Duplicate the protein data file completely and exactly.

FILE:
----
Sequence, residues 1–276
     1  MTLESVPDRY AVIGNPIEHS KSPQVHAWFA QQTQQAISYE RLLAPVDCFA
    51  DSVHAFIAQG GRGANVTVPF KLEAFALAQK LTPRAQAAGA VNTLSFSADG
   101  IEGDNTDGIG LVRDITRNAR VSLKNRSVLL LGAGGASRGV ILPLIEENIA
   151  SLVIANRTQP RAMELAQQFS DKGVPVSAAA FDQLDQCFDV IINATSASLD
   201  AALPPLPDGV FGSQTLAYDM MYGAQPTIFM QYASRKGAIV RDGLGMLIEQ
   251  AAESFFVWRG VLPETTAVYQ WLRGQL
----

Sequence, residues 1–276
     1  MTLESVPDRY AVIGNPIEHS KSPQVHAWFA QQTQQAISYE RLLAPVDCFA
    51  DSVHAFIAQG GRGANVTVPF KLEAFALAQK LTPRAQAAGA VNTLSFSADG
   101  IEGDNTDGIG LVRDITRNAR VSLKNRSVLL LGAGGASRGV ILPLIEENIA
   151  SLVIANRTQP RAMELAQQFS DKGVPVSAAA FDQLDQCFDV IINATSASLD
   201  AALPPLPDGV FGSQTLAYDM MYGAQPTIFM QYASRKGAIV RDGLGMLIEQ
   251  AAESFFVWRG VLPETTAVYQ WLRGQL